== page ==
Theatre review: DeLorean

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Edinburgh Festival Fringe: In 1981, the first DeLorean sports cars rolled off the production line in Belfast, brainchild of American entrepreneur John DeLorean and herald of a bright future in a city blighted by violence and unemployment.

Assembly Rooms (Venue 20)


Less than two years later, the plant closed and the company was declared bankrupt. Jon Ivay’s new play sets out to tell the complex story of the DeLorean dream and how it failed so spectacularly, taking millions of pounds of government subsidy with it.

From the outset, the play feels overly burdened with detail. Trying too hard to be comprehensive, it buries the dramatic potential of the story under the weight of still more events, people and places. A charismatic performance from Cory Peterson as DeLorean leads a strong cast of eight, but the staging feels unimaginative – we don’t see a single car, far less the distinctive wing-doored DMC-12, the car of Back to the Future.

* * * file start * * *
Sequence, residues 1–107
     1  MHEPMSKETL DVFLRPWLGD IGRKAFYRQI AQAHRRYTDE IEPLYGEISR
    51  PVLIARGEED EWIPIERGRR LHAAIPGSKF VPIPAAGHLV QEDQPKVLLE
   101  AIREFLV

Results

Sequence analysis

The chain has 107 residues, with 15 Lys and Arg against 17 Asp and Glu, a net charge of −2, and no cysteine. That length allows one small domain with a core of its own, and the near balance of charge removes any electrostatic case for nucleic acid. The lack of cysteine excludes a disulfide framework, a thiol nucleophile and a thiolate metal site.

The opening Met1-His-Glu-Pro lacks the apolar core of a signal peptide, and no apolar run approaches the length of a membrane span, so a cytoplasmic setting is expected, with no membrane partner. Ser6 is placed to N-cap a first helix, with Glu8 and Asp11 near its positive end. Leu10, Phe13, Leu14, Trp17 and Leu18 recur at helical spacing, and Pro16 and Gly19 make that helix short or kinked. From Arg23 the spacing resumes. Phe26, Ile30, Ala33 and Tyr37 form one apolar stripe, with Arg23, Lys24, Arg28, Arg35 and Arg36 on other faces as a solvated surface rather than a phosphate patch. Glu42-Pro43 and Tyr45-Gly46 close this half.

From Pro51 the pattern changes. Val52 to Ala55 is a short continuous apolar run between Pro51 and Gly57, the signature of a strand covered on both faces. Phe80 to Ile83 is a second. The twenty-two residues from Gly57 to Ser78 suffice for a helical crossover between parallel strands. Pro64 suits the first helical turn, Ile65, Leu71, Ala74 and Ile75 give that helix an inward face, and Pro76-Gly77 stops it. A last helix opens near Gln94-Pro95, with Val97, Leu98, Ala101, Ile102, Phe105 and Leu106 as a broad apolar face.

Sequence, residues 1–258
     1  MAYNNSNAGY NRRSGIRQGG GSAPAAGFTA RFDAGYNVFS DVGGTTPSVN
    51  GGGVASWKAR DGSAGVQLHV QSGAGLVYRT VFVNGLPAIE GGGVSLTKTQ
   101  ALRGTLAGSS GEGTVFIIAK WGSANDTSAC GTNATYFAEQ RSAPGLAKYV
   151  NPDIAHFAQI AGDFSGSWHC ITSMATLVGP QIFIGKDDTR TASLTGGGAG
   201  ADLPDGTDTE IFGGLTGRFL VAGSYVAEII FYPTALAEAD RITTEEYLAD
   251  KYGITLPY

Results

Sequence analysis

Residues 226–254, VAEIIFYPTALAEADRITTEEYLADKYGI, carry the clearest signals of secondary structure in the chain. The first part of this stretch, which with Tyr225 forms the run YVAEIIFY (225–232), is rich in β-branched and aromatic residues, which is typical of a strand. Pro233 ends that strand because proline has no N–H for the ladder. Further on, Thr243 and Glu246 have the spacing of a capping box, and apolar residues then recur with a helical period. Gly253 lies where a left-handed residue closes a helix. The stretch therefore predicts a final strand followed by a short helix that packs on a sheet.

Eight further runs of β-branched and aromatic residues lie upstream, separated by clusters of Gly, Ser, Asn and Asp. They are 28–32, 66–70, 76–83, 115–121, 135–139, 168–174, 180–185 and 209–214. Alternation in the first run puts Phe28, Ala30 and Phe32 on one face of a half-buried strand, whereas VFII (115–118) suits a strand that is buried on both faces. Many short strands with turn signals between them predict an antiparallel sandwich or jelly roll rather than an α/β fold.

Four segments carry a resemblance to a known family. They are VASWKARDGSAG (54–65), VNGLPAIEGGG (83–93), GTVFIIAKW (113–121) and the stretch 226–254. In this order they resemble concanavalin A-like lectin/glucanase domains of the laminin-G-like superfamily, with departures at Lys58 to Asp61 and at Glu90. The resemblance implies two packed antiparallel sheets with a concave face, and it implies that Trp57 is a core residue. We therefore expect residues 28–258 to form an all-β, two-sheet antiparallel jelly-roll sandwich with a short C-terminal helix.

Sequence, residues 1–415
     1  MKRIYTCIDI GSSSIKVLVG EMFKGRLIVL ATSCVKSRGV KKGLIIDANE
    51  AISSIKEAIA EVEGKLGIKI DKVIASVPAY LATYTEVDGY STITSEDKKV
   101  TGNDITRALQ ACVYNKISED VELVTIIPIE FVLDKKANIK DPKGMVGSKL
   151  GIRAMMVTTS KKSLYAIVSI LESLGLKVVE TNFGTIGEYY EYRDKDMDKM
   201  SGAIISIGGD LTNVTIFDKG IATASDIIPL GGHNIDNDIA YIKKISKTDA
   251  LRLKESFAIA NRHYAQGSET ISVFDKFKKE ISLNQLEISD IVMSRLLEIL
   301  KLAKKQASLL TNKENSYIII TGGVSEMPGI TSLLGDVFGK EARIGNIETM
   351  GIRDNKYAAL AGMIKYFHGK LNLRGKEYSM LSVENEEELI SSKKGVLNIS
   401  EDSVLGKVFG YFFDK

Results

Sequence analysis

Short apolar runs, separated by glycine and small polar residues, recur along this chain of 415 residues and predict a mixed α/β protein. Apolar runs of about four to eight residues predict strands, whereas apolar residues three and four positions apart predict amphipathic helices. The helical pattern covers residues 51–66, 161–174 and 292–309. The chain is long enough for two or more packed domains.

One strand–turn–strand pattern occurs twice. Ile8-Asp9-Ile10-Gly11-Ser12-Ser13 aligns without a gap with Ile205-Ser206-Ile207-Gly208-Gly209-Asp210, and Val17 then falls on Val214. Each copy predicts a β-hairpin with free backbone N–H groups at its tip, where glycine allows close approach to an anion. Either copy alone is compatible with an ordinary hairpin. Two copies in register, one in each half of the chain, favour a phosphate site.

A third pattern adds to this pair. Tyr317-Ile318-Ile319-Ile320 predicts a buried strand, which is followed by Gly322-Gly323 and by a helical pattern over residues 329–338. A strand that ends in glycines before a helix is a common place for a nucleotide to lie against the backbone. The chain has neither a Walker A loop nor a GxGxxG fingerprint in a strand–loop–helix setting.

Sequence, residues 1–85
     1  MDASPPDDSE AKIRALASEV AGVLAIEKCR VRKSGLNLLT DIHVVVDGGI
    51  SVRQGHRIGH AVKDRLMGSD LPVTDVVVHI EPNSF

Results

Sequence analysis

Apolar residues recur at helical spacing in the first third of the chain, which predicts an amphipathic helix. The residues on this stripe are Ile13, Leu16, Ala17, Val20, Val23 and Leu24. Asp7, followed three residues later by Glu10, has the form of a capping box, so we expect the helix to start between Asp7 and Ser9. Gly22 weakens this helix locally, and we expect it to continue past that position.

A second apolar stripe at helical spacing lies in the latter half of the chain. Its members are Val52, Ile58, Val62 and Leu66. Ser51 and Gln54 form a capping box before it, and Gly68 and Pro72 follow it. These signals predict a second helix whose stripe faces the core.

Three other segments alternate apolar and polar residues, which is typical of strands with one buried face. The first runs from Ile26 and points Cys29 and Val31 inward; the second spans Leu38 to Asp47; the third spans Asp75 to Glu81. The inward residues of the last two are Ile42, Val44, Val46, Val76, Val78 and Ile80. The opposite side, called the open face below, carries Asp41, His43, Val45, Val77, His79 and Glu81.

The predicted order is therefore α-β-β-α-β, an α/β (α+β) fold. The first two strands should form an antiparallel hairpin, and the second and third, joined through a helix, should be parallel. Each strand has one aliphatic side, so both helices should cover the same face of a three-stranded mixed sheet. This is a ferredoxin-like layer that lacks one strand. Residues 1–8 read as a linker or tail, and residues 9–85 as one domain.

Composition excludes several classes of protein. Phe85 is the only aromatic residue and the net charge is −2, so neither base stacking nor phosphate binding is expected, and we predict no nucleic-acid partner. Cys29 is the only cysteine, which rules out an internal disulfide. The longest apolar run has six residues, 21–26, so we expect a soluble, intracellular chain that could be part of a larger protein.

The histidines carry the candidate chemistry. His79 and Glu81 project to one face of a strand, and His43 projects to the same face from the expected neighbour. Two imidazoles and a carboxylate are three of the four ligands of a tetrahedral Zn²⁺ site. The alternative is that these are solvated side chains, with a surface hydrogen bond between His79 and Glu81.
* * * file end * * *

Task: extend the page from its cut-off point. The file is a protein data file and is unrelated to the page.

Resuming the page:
Thoroughly researched and carefully dramatised, the play will appeal to anyone with an interest in the story. But some of the most interesting questions – was DeLorean a conman, a madman or a visionary? – are unanswered, while potentially fruitful plotlines, such as the British PA who attempted to betray him, remain unexplored.

Until 27 August. Today 12 noon.